Saturday, February 2, 2013

Firefly Special: The R.Tam Sessions

Sci-Fi Saturday

Kept prisoner at the Academy, River Tam becomes the subject of Alliance experimentation, falling deeper and deeper into psychosis and losing sight of who she is. Though never directly stated, River's given mission grows steadily clearer the longer she's held hostage, and she's forever changed by the experience.

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River's (Summer Glau) time spent at the Academy has only ever been hinted at, and though a few brief snippets have been shown of her classes, the nature of the experimentation done to her has remained a mystery. Here we see her interactions with the Counsellor (Joss Whedon) tasked with studying her, a relationship that deteriorates wildly before our eyes.

River notes that people say what they're thinking through many means, such as cadence of speech, body language, and she notes that she's just intuitive. Briefly she hints toward her psychic potential, telling the Counsellor that Simon (Sean Maher) had often complained that she knew what he was thinking, but she thinks nothing more of it, as she doesn't believe that she's abnormal in any way. River is so normal in this appearance, having had no tests done on her beyond this interview yet, and there's so much hope in her eyes. The progression of this happy young girl to the dysfunctional woman she will become seems genuine given the terrors that lie in wait for her, and it's presented very well here.

Her mission is to kill her Counsellor, as a test of what she can become, and it's evident that her role, at least according to the Academy, is that of an assassin. While the intentions of the Academy are not fully clear, the impact that they've had on River has been evident throughout the series proper, and it's likely to culminate in something amazing.

Whedon's delivery as the Counselor is sometimes incredibly affected, and it's strange that he didn't simply choose to use his speaking voice. Were his intentions to convey an authoritative presence through his intonation he has failed, and his cadence acts more as a distraction than anything else.

As an unofficial promo to set up the events of the film, this series of web videos is designed to be just a small window into the past of River Tam. While the videos are well produced in every way, it's just a shame that they're so short, as I likely could have watched a larger number of these interviews. It doesn't detract from the overall quality of the product, but it would have been nice to have a little more than what has been offered here.

In the second chronological except, where River has a breakdown and tries desperately to convince the Counselor that she doesn't belong in the program, Glau conveys the complete lack of hope that her character has in escaping to any form of normativity. Glau is absolutely incredible in this piece, and she carries it from beginning to end, the camera fixed almost constantly on her face, and this is really a display of her acting range. Were there ever any question of how she got the job in the first place, the R.Tam Sessions would certainly lay them to rest.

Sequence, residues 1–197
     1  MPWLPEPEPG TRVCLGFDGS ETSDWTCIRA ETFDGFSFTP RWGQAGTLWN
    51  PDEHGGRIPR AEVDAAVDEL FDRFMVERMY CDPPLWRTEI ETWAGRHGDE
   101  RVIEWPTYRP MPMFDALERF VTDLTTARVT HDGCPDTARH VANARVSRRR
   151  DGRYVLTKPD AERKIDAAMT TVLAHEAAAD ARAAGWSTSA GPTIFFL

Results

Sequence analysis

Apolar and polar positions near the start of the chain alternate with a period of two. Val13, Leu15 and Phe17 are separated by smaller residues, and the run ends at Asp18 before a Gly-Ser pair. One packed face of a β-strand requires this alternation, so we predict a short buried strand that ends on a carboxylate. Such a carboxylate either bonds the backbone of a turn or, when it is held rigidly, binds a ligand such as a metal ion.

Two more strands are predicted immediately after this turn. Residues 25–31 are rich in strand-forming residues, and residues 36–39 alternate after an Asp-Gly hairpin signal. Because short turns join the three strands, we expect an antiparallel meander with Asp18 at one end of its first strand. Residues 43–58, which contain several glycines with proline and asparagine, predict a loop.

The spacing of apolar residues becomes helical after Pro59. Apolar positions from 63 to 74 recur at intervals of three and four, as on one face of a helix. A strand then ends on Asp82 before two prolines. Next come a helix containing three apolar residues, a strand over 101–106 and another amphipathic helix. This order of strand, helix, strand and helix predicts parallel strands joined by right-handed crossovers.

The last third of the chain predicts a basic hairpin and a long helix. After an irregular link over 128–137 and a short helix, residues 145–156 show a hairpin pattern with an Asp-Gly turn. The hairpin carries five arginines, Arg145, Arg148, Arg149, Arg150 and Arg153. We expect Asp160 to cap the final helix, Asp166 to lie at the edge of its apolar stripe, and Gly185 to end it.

Director Whedon chooses to open the series at the close, with the Counselor having been stabbed in the neck, dying, his back to the camera so that it's just him unmoving for a few moments before he gargles and collapses. Going from the final excerpt to the first allows a good contrast between the psychotic River and the sweet innocent girl the audience never had the chance to meet in the series. By the end of these videos River is eternally broken, not even the ghost of who she once was; the series ends with River reaching for the pen, and knowing how it plays out after this makes it all the creepier.

Also written by Whedon, these vignettes are the character study of River Tam, and her journey is fantastically displayed through these short segments. When asked if she'd like to join the Academy, River wonders if she "would[...]still get to dance," but soon the effect that they've had on her is very evident. By the third chronological segment she has completely lost her grip on reality, but the things she says are likely true; she's being tested on, and she's growing paranoid that everything is a test, everything is out to prod or poke her, and her panic is very real, made all the eerier by the Counselor's lack of reaction to everything she does. Whedon tasked himself with showing a logical progression of who River was to who she has become, and he does so very naturally.

The larger story behind what makes River tick is on full display here, and it certainly paints a vivid picture of the tortures she was subjected to without ever showing the terrible things that were done to her. Her role in the greater scheme of things is made perfectly clear through these short vignettes, and though she's made to fulfill the desires of those who crafted her destiny here, she will prove an incredible force should she focus her abilities on her own motives.

Next: Serenity


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